Integrated Intervention for Diabetes Risk After Gestational Diabetes in South Africa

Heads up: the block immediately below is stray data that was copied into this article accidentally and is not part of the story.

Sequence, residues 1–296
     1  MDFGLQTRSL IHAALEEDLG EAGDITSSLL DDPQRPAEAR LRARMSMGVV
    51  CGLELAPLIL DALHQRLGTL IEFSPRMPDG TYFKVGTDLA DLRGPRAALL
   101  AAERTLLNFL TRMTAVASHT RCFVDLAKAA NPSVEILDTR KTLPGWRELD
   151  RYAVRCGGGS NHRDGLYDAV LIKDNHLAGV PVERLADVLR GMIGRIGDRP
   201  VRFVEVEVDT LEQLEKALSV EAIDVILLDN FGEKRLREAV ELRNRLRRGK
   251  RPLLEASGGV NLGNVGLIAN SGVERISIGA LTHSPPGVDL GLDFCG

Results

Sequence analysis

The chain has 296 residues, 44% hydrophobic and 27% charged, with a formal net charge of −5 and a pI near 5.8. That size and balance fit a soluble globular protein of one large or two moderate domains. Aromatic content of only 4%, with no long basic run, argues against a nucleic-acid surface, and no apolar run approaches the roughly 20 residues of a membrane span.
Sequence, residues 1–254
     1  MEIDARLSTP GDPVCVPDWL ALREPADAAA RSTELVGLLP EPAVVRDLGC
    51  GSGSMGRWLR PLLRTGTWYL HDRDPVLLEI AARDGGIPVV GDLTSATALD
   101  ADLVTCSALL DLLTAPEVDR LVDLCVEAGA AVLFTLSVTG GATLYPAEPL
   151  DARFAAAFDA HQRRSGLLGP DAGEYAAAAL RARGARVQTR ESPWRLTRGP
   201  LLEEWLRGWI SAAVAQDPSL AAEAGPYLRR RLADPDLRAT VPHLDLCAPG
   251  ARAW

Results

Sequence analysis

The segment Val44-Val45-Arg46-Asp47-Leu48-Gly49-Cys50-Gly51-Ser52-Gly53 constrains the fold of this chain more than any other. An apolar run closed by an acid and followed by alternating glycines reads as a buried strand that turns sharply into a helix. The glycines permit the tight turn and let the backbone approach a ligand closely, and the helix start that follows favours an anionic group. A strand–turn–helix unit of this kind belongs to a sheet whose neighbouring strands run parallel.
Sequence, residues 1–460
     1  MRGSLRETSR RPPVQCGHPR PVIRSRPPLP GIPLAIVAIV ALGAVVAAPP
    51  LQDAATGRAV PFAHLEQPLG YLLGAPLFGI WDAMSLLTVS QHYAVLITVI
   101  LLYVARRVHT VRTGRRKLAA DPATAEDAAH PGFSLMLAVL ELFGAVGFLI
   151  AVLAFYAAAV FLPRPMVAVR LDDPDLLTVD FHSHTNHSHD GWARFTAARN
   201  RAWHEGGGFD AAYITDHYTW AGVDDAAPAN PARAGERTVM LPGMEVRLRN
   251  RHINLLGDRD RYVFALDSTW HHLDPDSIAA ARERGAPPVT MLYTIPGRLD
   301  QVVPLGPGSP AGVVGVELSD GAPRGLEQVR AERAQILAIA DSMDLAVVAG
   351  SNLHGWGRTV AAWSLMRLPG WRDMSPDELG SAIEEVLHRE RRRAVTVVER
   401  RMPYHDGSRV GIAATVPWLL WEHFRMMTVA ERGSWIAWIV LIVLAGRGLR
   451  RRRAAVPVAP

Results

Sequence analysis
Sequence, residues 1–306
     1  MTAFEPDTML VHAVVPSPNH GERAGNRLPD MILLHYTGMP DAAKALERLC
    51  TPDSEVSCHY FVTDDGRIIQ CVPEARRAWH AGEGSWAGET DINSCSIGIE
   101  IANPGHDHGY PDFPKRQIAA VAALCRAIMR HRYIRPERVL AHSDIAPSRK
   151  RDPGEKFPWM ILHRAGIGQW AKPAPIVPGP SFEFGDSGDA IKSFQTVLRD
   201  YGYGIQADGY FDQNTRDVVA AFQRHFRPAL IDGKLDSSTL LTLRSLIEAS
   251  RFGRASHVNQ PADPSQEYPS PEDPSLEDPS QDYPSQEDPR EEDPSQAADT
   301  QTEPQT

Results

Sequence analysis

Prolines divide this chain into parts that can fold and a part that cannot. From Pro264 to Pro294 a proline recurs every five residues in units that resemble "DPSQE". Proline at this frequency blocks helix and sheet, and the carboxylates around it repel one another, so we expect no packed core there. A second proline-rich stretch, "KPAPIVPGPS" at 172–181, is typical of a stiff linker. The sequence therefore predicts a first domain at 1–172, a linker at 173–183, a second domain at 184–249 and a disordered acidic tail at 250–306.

Women who have had gestational diabetes mellitus, a temporary diabetes that develops during pregnancy, are at a high risk of getting type 2 diabetes sometime after their pregnancy. This research study will address the problem in South Africa, working through an innovative intervention with the country's public health system. Reducing the risk, improving women's health Research has shown that increasing physical activity, eating a healthier diet, and losing weight, can prevent the progression to long-term diabetes. Researchers will develop and evaluate an approach that will help prevent women with previous gestational diabetes from developing type 2 diabetes in the years after pregnancy. They will work with at-risk women from poor communities who use the public health system in the cities of Cape Town and Johannesburg. The proposed intervention involves offering women a special test to see whether they have diabetes six weeks after delivery, along with counselling about healthy lifestyles from a trained counsellor at the clinic and in the community. Currently, no such test, information, or counselling support exists for women after they have had their babies. Easy access, better results The research team will introduce the intervention at primary care clinics, where mothers usually go to have their babies vaccinated during their children's first year. This will make it convenient for them to access the service. It also offers an opportunity to test a post-partum intervention, which addresses maternal and child health and nutrition together, rather than separately, as is currently done. The project team will conduct research before and during implementation with women, healthcare providers, and health service managers to help ensure that the intervention's proposed components are suitable and practical in the real life clinic and community setting. If the intervention proves effective in preventing diabetes, further research and advocacy activities will explore the opportunities and barriers to extending the practice across South Africa's health services.